Maryland correctional officers share some of the same workers’ comp benefits that police officers are entitled to receive. These benefits are not available to the general public. One of the workers’ comp benefits that some correctional officers receive is the presumption of an occupational illness for high blood pressure.
Correctional officers diagnosed with heart disease or hypertension should consult a Maryland workers’ comp attorney with Pinder Plotkin. Our attorneys offer free case reviews so that you can get the facts about a high blood pressure workers’ comp claim.
Hypertension or High Blood Pressure and Correctional Officers in Maryland
Whether or not you are entitled to workers’ comp benefits for a diagnosis of high blood pressure or hypertension depends on where you work as a correctional officer. If you work as a correctional officer in Montgomery County, Anne Arundel County, or Prince George’s County, a diagnosis of high blood pressure is a presumed occupational illness.
What Does A Presumed Occupational Illness Mean For You?
If your high blood pressure is a presumed occupational illness, the commission assumes your job caused your high blood pressure. When a worker suffers an illness related to his or her employment, that worker is entitled to receive workers’ comp benefits. Therefore, if you are a correctional officer in one of the above three counties, you should be able to receive workers’ comp benefits when diagnosed with high blood pressure.
However, correctional officers are not entitled to some of the other workers’ comp benefits for high blood pressure that police officers and firefighters receive. For example, correctional officers are not automatically entitled to second-tier benefits for certain conditions. Also, there are additional conditions outlined in the workers’ comp laws for correctional officers seeking workers’ comp benefits for high blood pressure.
Requirements for High Blood Pressure Workers’ Comp Claims by Correctional Officers
Correctional officers who file a workers’ comp claim for high blood pressure are only entitled to the presumption of an occupational illness only to the extent that the person’s high blood pressure is more severe than it was before the individual began working as an employee of the correctional system. If the person’s high blood pressure has not worsened since becoming an employee, the employee does not benefit from the presumption of an occupational illness. That does not mean you cannot file a workers’ comp claim for high blood pressure. It only means that you will need to take extra steps to prove the high blood pressure is a result of your employment.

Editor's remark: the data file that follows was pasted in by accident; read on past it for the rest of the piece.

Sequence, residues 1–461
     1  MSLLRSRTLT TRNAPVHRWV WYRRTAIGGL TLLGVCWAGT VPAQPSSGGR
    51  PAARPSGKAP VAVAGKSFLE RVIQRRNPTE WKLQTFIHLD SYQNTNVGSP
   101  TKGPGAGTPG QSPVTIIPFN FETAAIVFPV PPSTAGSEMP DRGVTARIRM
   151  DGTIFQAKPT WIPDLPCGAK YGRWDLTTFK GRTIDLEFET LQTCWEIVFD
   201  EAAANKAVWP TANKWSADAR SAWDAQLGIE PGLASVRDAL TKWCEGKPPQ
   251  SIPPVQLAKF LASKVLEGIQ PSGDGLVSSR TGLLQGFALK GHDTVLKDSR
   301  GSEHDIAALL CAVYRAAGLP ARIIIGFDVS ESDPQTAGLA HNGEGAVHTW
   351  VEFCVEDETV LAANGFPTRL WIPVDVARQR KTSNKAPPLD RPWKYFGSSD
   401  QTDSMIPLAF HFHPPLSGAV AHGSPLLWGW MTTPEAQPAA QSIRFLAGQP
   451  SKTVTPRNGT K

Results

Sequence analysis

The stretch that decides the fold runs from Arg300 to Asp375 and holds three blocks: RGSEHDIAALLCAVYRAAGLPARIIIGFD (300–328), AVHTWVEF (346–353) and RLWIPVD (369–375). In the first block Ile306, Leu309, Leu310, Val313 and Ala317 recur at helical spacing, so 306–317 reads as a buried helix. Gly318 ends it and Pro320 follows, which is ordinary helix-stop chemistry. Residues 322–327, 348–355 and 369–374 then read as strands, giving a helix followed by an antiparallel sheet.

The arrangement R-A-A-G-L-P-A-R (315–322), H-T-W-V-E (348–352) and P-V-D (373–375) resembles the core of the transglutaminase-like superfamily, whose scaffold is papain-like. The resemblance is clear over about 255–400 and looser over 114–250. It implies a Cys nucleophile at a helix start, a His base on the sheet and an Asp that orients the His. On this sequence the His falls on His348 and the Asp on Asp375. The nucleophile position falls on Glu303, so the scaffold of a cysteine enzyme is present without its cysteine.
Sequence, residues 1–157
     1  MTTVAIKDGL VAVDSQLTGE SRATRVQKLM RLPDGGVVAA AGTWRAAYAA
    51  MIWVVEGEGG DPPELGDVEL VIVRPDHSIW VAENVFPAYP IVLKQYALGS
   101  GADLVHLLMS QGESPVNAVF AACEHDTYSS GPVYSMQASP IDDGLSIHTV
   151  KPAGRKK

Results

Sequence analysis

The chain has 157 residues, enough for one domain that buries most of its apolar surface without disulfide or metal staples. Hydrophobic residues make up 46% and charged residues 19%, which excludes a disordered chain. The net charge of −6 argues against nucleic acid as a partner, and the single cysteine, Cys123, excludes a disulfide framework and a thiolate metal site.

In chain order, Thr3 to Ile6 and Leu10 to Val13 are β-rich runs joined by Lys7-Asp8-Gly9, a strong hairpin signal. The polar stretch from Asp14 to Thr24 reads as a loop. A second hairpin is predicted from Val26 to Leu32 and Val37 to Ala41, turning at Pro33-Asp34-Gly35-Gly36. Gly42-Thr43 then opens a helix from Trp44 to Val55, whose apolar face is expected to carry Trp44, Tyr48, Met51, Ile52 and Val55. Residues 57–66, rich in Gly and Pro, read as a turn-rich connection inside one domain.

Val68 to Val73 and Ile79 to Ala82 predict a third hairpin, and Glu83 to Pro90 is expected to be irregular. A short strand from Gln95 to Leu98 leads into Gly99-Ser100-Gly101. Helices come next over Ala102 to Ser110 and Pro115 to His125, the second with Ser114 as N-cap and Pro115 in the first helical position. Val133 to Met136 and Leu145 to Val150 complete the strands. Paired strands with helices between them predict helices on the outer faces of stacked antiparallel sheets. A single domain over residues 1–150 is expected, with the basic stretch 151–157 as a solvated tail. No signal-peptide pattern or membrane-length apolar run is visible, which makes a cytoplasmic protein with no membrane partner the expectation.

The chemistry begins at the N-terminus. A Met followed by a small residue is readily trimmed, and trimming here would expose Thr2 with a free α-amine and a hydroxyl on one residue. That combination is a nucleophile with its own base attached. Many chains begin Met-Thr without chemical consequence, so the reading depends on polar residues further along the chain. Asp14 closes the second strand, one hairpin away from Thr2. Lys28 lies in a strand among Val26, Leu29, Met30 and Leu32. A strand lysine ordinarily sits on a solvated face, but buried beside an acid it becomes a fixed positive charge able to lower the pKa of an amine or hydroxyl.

In addition, to qualify for the presumption, the statute states that the employee shall submit to a medical examination as a condition of employment. The purpose of the medical examination is to determine the existence of or the extent of high blood pressure before the person’s employment as a correctional officer.
How Do I File a Claim for Workers’ Comp if I Have High Blood Pressure?
If you are a correctional officer diagnosed with high blood pressure or your hypertension becomes worse, you need to notify your supervisor and file a workers’ comp claim. To protect your rights, you should file a claim with your employer and with the state Workers’ Compensation Commission. As stated above, you may be entitled to a presumption of an occupational disease if you work for a covered department and you meet the other qualifications.
However, you may still qualify for workers’ comp benefits even though you do not meet the requirements for a presumption. Most occupational illnesses are not afforded a presumption under the law. Therefore, do not let the fact that you may not be afforded a presumption for high blood pressure stop you from seeking legal advice from an experienced Maryland workers’ comp attorney for correctional officers.
Filing a workers’ comp claim for high blood pressure can result in one or more workers’ comp benefits. For example, you may receive your high blood pressure medication and medical care free of charge. If your high blood pressure results in a temporary or permanent disability, you may also receive other benefits, including compensation for loss of income. Your attorney can review all the potential benefits you may be entitled to receive during a free consultation.
Contact a Maryland Workers’ Comp Attorney for Correctional Officers for More Information
The Pinder Plotkin legal team represents correctional officers in Maryland who are seeking workers’ compensation for injuries and illnesses sustained in the course of their employment.
Contact our office at 410-661-9440 for your free consultation with a Parkville workers’ compensation lawyer.